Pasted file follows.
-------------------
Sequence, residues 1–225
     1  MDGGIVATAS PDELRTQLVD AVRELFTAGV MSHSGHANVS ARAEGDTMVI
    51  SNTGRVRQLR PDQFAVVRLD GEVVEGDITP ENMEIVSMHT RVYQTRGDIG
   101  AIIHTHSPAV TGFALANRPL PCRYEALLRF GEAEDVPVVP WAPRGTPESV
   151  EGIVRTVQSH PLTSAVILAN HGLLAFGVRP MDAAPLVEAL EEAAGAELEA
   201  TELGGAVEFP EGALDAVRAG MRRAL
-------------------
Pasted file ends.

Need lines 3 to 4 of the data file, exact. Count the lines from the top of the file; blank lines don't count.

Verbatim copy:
    51  SNTGRVRQLR PDQFAVVRLD GEVVEGDITP ENMEIVSMHT RVYQTRGDIG
   101  AIIHTHSPAV TGFALANRPL PCRYEALLRF GEAEDVPVVP WAPRGTPESV